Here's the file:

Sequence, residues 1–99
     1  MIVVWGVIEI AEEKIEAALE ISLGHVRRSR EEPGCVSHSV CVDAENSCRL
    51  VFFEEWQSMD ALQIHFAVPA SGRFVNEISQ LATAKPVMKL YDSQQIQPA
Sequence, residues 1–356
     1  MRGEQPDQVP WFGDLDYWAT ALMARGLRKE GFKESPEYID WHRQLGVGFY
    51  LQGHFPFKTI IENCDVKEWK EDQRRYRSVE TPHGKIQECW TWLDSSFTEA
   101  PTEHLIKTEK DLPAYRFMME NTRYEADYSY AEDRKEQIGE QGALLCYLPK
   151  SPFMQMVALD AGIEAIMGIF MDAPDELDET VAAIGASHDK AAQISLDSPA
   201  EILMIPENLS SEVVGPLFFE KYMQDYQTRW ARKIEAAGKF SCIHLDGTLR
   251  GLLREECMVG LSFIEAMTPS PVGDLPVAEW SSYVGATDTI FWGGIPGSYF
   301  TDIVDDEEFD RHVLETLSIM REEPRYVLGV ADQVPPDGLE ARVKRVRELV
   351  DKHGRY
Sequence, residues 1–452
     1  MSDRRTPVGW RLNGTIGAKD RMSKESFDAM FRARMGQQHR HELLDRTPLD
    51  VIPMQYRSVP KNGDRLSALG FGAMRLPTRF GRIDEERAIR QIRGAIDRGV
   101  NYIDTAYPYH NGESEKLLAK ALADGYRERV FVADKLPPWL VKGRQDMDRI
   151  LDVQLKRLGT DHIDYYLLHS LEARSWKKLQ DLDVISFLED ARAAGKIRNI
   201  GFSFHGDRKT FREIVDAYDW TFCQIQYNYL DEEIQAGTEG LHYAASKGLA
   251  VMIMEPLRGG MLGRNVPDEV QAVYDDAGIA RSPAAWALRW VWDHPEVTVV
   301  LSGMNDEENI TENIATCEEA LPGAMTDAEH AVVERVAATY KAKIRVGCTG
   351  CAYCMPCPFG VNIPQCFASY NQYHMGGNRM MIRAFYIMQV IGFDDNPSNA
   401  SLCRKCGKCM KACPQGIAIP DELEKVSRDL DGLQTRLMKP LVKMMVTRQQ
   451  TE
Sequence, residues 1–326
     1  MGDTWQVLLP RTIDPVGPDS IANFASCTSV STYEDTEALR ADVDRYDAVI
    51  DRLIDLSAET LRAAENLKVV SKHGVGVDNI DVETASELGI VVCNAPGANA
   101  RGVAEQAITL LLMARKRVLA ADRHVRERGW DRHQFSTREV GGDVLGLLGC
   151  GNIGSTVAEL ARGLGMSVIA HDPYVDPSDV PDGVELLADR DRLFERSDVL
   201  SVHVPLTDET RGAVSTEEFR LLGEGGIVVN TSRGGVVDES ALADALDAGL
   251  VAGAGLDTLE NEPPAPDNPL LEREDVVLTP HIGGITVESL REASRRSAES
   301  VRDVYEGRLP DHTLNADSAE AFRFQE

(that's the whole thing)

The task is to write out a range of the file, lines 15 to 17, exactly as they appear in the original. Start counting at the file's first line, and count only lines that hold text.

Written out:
    51  VIPMQYRSVP KNGDRLSALG FGAMRLPTRF GRIDEERAIR QIRGAIDRGV
   101  NYIDTAYPYH NGESEKLLAK ALADGYRERV FVADKLPPWL VKGRQDMDRI
   151  LDVQLKRLGT DHIDYYLLHS LEARSWKKLQ DLDVISFLED ARAAGKIRNI